If a majority in Turkey votes to re-instate the Death Penalty, what does that say about the concept of democracy?

by angelamfindlay

My last blog, a gentle exploration of the IN/OUT decision that faced the UK in June, now resembles the deceptive calm before the storm. It displays the totally misplaced confidence in a ‘Remain’ outcome anticipated by so many around the world. Collectively we have since been tumbled in a political maelstrom, gradually washing up tangled and disorientated on unknown beaches. And as journalists and political commentators create mind jams of informational traffic and kaleidoscopes of emotion, it is the assurance of Democracy that urges us to our feet to take the first wobbly steps towards the blurry horizon of our new destiny.

With so much that could be said I will stick to the general themes of my blogs, for there is a particular issue on which I have questions, but no answers. It’s to do with the whole abstract concept of “democracy”. Does, can, or should the view of the majority always guarantee that the action to be taken is the right thing to do?

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At every opportunity we are being reminded of the almost sacred and unquestionable rightness of the democratic process: “the rule of the majority”. I am sure it is a sound basis upon which to make decisions… most of the time. But are there ever times when democracy, or the views of the majority, doesn’t reflect the right thing to do? Is there even an objective “right” thing to do?  Or are there just consequences?

Take the case of Turkey. If the Death Penalty is re-introduced in the wake of the coup – because a majority wants it – does that make it right? After all, the majority used to vote against the abolition of slavery, women’s votes, aboriginal rights, gay marriage… Surely getting it right is down to education and consciousness?

Taking the area of society I know and understand best as an example, namely our Criminal Justice System (CJS), I can say, with some degree of certainty, that when people vote for the largely punitive approach to offenders that we have today, they are voting for the wrong thing. It may serve their own feelings for justice and vengeance that are fed by the media, but it does not serve the more objective and complex mission of the CJS “to help prisoners lead law-abiding and useful lives in custody and after release”. However, it is only now, thanks to the increasingly widespread acknowledgement and evidence that the current system is a “scandalous failure”(David Cameron, 2016), plus the vision of a Justice Secretary with an open mind and genuine will for rehabilitation, that the public are beginning to be in an informed enough position to vote for the things that will work more effectively.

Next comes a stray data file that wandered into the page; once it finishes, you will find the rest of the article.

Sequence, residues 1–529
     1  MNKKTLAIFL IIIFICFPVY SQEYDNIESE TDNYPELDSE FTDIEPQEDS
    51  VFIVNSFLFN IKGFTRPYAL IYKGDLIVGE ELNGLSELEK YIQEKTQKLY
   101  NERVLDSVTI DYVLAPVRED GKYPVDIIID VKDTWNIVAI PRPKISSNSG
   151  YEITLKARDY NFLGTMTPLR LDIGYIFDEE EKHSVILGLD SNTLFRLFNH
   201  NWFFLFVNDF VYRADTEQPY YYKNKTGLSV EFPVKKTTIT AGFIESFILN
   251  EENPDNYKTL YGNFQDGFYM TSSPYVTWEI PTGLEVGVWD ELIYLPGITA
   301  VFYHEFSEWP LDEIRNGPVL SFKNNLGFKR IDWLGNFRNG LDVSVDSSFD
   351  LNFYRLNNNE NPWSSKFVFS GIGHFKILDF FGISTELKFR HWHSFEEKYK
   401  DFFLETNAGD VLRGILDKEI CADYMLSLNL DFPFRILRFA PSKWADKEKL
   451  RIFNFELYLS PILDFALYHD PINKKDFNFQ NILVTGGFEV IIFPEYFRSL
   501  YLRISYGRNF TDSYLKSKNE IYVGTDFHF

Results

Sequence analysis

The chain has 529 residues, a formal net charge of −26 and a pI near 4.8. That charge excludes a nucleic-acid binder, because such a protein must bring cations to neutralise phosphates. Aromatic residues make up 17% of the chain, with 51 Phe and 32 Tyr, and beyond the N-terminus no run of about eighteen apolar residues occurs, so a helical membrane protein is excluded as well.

Last year Michael Gove and his team at the Ministry of Justice took on the unprecedented task of consulting and listening to the experts on the ground: charities, artists, educators, prison officers, even me! Most importantly, they also acted on the knowledge and advice they received. Similarly, audiences of my talks on the subject emerge more educated on an area of life they previously “had no idea” about. The facts, statistics, evidence and the alternative ideas presented all place them in a position from which they can evaluate and decide, with a greater conviction and degree of accuracy, what is “right”. However, those  people who are educated in the complex issues and solutions, are as yet still in the minority, so the will of the majority, who will still be voting from a more emotional, media-spun, regressive perspective, will win.

If Turkey votes for the reinstatement of the Death Penalty by a majority vote, has democracy been successful? Or is it flawed in a way that needs to be addressed? Fairly urgently.

 

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